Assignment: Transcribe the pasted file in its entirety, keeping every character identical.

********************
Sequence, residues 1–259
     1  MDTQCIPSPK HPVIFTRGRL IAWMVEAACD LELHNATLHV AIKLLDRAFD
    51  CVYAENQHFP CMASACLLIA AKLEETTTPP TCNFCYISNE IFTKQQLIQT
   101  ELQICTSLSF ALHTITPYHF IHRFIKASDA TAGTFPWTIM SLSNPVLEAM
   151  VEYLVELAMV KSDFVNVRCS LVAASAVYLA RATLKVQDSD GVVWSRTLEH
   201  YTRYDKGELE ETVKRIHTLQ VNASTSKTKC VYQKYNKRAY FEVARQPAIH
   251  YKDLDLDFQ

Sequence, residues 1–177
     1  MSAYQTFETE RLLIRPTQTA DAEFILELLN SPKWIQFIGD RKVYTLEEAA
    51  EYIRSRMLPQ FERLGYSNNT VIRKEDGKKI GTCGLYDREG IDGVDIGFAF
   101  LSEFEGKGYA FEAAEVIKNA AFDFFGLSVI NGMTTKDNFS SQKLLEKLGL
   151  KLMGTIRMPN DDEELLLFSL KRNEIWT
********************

Sequence, residues 1–259
     1  MDTQCIPSPK HPVIFTRGRL IAWMVEAACD LELHNATLHV AIKLLDRAFD
    51  CVYAENQHFP CMASACLLIA AKLEETTTPP TCNFCYISNE IFTKQQLIQT
   101  ELQICTSLSF ALHTITPYHF IHRFIKASDA TAGTFPWTIM SLSNPVLEAM
   151  VEYLVELAMV KSDFVNVRCS LVAASAVYLA RATLKVQDSD GVVWSRTLEH
   201  YTRYDKGELE ETVKRIHTLQ VNASTSKTKC VYQKYNKRAY FEVARQPAIH
   251  YKDLDLDFQ

Sequence, residues 1–177
     1  MSAYQTFETE RLLIRPTQTA DAEFILELLN SPKWIQFIGD RKVYTLEEAA
    51  EYIRSRMLPQ FERLGYSNNT VIRKEDGKKI GTCGLYDREG IDGVDIGFAF
   101  LSEFEGKGYA FEAAEVIKNA AFDFFGLSVI NGMTTKDNFS SQKLLEKLGL
   151  KLMGTIRMPN DDEELLLFSL KRNEIWT